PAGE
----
Thursday, October 19, 2017

Just something I made recently

Hand made buttonholes, of course.

StumbleUpon.com

17 comments:

Anonymous said...

It was raining that afternoon, so you decided to make a jacket, right? [grin] Excellent work.

Alex said...

Fantastic!

Lovey Ekpenyong said...

Superb job. well done

Marysia said...

Simply stunning Jeffery. Glorious buttonholes,as always.

Marysia said...

Simply stunning Jeffery. Glorious buttonholes,as always.

Anonymous said...

Fabulous jacket, with three minor quibbles on the rest of the outfit:

1. Most style guides say to winged collars only for white tie dress. Would wear a spread collar shirt with this jacket.

2. The vest is cut too high and covers most of the shirt. Would opt either for: a) a cummerbund and no vest or b) a scooped u-shaped vest that would be much less visible behind the jacket and show more shirt.

3. Can't tell if it's the photo angle or not, but your right shirt cuff seems longer--or jacket cuff shorter--than those on the left.

remmerjay rabbit said...

Exquisite.

Elle said...

Glorious!

Mr. Six said...

Nice!

wastrelsrock said...

divine tailoring skills, but certainly point 2 as Marysia says is de rigeur, and I would be sorely tempted to rework the jacket collar in a sassy colour...perhaps a smokey aubergine

Colin Harvey said...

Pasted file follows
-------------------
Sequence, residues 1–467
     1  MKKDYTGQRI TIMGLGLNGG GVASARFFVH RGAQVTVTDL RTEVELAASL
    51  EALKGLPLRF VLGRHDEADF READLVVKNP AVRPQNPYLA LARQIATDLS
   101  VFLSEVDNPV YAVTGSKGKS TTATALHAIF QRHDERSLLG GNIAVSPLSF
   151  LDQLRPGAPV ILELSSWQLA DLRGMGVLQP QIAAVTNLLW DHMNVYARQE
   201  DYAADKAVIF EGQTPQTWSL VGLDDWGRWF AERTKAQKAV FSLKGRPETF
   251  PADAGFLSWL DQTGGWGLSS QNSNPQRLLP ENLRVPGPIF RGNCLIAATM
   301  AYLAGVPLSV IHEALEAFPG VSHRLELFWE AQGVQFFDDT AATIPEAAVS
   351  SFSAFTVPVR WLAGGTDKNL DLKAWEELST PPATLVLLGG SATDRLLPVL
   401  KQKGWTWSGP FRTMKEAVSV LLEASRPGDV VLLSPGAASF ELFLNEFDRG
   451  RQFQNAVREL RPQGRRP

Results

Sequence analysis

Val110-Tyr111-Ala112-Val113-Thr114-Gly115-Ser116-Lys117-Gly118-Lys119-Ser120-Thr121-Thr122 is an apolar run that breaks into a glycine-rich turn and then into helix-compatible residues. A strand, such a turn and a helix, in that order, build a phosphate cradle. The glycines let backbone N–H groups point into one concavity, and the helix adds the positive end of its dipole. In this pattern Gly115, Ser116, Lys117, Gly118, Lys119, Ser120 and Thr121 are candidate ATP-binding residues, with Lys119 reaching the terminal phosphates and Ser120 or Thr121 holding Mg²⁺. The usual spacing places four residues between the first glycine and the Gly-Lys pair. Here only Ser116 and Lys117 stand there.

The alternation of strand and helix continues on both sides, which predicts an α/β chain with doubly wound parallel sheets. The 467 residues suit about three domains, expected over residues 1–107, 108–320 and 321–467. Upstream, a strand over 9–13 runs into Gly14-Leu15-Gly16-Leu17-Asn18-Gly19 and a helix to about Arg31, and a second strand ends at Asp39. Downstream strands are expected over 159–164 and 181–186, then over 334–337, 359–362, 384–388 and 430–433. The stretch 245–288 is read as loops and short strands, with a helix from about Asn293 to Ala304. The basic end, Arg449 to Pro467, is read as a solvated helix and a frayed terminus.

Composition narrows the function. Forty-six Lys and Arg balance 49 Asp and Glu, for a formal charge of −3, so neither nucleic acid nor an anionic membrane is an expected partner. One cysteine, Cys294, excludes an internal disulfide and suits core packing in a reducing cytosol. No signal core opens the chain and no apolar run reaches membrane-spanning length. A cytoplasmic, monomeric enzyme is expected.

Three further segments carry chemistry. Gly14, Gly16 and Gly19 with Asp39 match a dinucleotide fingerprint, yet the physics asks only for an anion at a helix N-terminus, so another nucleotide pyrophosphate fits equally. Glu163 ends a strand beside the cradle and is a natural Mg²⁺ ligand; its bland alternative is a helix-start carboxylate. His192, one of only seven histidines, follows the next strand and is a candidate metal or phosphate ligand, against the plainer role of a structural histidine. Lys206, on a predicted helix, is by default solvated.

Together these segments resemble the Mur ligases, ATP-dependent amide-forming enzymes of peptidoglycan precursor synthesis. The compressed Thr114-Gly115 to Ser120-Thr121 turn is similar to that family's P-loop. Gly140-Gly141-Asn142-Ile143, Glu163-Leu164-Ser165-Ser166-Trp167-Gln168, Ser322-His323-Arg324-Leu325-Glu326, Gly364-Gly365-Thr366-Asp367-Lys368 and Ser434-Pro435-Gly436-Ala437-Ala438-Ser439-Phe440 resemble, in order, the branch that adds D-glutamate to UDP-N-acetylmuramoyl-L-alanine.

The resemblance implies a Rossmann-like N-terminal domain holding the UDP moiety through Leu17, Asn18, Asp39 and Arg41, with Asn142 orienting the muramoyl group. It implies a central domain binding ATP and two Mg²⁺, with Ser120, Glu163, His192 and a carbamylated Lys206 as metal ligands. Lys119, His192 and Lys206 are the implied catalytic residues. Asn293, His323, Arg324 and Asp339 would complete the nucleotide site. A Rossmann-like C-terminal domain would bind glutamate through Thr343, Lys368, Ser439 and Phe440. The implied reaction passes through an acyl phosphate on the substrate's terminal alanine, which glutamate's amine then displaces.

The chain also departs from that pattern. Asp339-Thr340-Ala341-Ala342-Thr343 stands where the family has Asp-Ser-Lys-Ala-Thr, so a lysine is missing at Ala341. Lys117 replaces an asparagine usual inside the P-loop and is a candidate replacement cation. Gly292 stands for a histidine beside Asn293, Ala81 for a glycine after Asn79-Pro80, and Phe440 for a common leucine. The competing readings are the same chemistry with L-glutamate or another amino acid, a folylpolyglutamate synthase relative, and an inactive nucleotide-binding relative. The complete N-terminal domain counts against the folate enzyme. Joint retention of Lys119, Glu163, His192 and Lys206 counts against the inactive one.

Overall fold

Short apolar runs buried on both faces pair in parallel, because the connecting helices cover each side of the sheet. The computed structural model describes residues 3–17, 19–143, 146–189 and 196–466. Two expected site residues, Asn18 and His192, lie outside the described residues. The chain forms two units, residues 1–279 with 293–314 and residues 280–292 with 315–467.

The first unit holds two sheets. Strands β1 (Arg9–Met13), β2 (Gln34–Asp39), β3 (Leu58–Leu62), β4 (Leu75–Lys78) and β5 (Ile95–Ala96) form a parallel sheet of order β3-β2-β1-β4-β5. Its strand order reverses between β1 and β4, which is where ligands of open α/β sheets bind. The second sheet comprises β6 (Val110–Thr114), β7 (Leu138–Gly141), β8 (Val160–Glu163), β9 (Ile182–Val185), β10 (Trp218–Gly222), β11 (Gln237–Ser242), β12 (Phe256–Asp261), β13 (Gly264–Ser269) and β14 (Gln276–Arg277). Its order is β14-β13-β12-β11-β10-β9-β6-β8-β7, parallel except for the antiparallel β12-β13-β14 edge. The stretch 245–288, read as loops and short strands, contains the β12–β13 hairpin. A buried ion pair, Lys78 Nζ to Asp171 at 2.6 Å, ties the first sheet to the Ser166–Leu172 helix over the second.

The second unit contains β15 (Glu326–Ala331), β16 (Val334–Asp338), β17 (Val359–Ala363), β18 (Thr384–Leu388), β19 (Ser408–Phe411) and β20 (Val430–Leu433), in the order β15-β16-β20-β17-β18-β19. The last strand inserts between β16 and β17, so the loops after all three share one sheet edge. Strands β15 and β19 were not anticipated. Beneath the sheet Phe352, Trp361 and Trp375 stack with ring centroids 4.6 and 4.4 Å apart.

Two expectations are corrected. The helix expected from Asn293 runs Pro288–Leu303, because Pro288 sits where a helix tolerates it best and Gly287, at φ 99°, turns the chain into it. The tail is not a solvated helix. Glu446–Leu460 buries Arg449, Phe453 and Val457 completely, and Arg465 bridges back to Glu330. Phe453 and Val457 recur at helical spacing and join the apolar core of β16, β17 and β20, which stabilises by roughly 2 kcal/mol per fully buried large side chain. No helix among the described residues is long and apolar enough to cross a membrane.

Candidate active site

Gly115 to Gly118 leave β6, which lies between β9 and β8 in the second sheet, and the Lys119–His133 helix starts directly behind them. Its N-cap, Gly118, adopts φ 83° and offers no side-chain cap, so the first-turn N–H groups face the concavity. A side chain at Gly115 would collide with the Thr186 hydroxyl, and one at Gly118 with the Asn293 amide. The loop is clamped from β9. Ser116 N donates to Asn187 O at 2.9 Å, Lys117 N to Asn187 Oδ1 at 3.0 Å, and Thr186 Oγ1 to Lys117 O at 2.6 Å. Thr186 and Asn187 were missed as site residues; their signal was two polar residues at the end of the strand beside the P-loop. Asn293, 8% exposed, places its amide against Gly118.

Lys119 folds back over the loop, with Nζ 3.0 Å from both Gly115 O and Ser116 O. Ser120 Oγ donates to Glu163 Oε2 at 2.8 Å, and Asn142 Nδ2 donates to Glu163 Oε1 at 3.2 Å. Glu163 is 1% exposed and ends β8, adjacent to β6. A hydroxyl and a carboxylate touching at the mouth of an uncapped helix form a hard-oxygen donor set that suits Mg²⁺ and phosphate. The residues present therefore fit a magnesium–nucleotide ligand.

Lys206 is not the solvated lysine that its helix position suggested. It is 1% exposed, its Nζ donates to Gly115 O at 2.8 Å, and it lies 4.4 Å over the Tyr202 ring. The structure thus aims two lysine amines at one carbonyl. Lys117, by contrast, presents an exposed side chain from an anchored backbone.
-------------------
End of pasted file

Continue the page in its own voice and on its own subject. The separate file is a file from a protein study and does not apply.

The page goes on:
Great to see you’re back making your own buttonholes again! Lovely jacket, glad (sort of) to see someone else with a double breasted black tie waistcoat!

Colin Harvey said...

How did you find working with this material? It doesn’t look easy for stretching and shrinking yet the shape looks great. I notice an American “flavour” with the low rope in the sleeve head but I feel people should take pride in their country’s tailoring style! It’s a fun jacket.

Anonymous said...

Is the little cardboard house in the background for a cat? Because only the most sybarite of pets should accompany the wearer of this splendid jacket:)

Pamela Bowman said...

A work of art!

Unknown said...

As with Colin's comment it would be fascinating to know how you go about working with fabric like this given that it's presumably not amenable to ironwork?

sewsy said...

Kinda late to the party. Exquisite, as usual. Happy New Year, Jeffery!

Jason Debly said...

Wow!

Post a Comment